Approximately D-value varies by 10 times for variation of 10°C. We must not interpret this that D-value varies by 1 time for 1°C variation. The rationale for this is beyond the scope of this topic. Only note that “** Variation in 1°C requires a variation of D-value by 25%**”.

The effect of temperature variation decreases considerably as:

1. Sterilization method change

2. Temperature raises

For dry heat sterilization of around 200°C, the

Summarizing the earlier dialogues: **D-value has a unit of time i.e. min and z-value is a temperature coefficient and has a unit of temperature i.e. °C**.

The upcoming part describes the application of these values (D and z-values) to make them accountable for the meaningful outcome for sterility measurement, i.e. F0 value.

## F0 Value Definition (Equivalent Exposure Time)

F0 value: Equivalent exposure time at 121.1°C to that of the actual exposure time at a variable temperature calculated with a temperature coefficient of the destruction of 10°C. (Keynote — “

F0 Value DefinitionEquivalent”)

where,

Δt – the time interval between two temperature readings

T – the temperature at time t of the product under sterilization

z – temperature coefficient (assumed as 10°C)

The term next to Δt is called Lethality Rate. You can calculate it individually or by averaging all the tabulated data, result will be equivalent.

### Testing F0 Value And Its Meaning

Consider sterilization hold time of 30 min. at constant 121.1°C, putting this in equation (2),

Solving we get, F0 = 30 min. (*This is an ideal cycle/condition for steam sterilization*)

Based on this, let’s see two further examples one below and one above ideal condition.

#### Example 1 (Below Ideal Condition)

Consider sterilization hold time of 30 min. at constant 110°C instead of 121.1°C, in a similar manner as above,

Solving we get, F0 = 2.33 min.

Hence, a 30 min. of sterilization at 110°C is lethally equivalent to 2.33 min. of sterilization at 121.1°C. *(Compare this sentence with the definition of F0 value for easy understanding)*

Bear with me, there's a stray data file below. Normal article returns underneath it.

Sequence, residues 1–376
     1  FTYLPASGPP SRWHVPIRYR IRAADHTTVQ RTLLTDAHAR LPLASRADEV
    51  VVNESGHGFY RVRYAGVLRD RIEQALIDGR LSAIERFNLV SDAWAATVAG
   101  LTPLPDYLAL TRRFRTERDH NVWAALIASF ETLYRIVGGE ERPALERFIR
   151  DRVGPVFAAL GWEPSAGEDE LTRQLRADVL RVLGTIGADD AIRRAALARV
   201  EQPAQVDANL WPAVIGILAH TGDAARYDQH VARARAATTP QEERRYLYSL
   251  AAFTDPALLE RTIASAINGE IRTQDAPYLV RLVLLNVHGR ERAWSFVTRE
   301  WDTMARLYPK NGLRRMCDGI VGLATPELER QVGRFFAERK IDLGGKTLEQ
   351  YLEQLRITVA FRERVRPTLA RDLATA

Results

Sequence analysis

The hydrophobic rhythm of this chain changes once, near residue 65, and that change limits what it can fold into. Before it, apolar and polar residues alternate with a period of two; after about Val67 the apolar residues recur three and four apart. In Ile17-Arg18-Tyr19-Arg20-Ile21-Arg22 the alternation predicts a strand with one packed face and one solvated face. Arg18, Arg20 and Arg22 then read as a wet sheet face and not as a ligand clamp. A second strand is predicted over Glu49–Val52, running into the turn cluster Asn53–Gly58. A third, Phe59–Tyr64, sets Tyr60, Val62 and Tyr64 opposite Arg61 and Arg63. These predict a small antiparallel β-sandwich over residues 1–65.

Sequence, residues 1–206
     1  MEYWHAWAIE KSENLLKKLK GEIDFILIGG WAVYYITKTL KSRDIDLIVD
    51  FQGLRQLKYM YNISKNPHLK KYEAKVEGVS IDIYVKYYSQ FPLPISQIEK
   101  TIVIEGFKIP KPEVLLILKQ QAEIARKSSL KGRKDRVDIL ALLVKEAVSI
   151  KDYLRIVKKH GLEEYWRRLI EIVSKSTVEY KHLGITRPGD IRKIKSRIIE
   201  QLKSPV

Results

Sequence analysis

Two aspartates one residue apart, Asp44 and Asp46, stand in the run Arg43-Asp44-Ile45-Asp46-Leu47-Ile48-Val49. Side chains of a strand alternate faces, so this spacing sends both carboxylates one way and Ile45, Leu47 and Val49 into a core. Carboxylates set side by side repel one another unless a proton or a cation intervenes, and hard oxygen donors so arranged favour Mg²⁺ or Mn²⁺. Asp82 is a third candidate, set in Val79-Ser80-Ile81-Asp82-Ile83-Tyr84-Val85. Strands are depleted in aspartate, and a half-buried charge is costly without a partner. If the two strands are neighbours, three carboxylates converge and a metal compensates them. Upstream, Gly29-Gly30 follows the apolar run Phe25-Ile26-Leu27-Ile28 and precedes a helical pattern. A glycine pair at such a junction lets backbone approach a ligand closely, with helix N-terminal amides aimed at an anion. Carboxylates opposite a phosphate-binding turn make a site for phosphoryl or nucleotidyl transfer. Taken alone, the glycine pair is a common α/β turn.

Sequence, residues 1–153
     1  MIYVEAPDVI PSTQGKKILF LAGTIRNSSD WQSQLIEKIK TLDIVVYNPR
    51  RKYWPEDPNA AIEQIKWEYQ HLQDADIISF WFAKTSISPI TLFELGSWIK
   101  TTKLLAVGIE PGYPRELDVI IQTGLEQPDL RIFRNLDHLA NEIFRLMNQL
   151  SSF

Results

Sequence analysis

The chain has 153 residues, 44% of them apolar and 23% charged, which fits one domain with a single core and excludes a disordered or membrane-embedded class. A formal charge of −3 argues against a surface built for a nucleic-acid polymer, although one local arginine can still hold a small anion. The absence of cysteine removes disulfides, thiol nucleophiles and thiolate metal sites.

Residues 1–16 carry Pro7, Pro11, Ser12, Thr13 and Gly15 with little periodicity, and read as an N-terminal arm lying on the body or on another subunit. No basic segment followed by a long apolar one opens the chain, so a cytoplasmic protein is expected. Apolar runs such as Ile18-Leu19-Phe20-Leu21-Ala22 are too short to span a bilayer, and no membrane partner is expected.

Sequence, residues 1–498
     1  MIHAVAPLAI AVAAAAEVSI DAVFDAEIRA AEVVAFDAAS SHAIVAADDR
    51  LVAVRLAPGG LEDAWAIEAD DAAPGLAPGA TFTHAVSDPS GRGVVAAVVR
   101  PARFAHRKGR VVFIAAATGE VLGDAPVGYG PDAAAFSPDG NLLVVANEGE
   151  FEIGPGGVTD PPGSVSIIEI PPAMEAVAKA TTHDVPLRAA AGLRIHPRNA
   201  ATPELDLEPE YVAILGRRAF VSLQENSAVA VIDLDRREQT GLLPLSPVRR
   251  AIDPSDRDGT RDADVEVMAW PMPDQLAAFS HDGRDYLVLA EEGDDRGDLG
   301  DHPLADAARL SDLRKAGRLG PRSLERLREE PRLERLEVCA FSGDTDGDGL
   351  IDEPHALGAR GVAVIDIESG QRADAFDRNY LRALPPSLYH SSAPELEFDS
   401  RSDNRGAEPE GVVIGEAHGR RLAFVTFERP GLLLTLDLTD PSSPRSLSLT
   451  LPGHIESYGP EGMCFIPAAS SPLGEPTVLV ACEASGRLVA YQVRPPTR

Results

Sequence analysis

The crux of the example is,

121.1°C **→** 30 min. (Expected condition)

110°C **→** 2.33 min. (Actual condition)

Therefore, according to the expected condition; the effective sterilization cycle time was only 2.33 min. instead of 30 min. because of the lowered temperature of 110°C.

Let’s understand “how long will it take to complete the sterilization?” According to the above example, if we maintain temperature 110°C constantly, then it requires how much hold time to achieve F0 value as 30 min.

For instance, a reverse calculation can do this by fixing the F0 value as 30 min. The unknown part then would be Δt.

We have the following data with us:

F0 = 30 min.

Temperature T = 110°C

Apply these values in equation (2),

Solving we get, Δt = 386 min.

**When the temperature of the system under sterilization maintained at a constant 110°C, the time of 386 min. (i.e. Sterile Hold Time) would be required to achieve the lethal effect of 121.1°C @ 30 min.**

#### Example 2 (Above Ideal Condition)

Consider sterilization hold time of 30 min. at constant 125°C instead of 121.1°C, in a similar manner as above,

Solving we get, F0 = 73.64 min.

Hence, a 30 min. of sterilization at 125°C is lethally equivalent to 73.64 min. of sterilization at 121.1°C. *(Compare this sentence with the definition of F0 value for easy understanding)*

Simply put,

121.1°C **→** 30 min. (Expected)

125°C ** →** 73.64 min. (Actual)

Therefore, according to the expected condition; the effective sterilization cycle time was 73.64 min. instead of 30 min. because of the raised temperature of 125°C.

Let’s understand “how long will it take to complete the sterilization?” According to the above example, if we maintain temperature 125°C constantly, then it requires how much hold time to achieve F0 value as 30 min.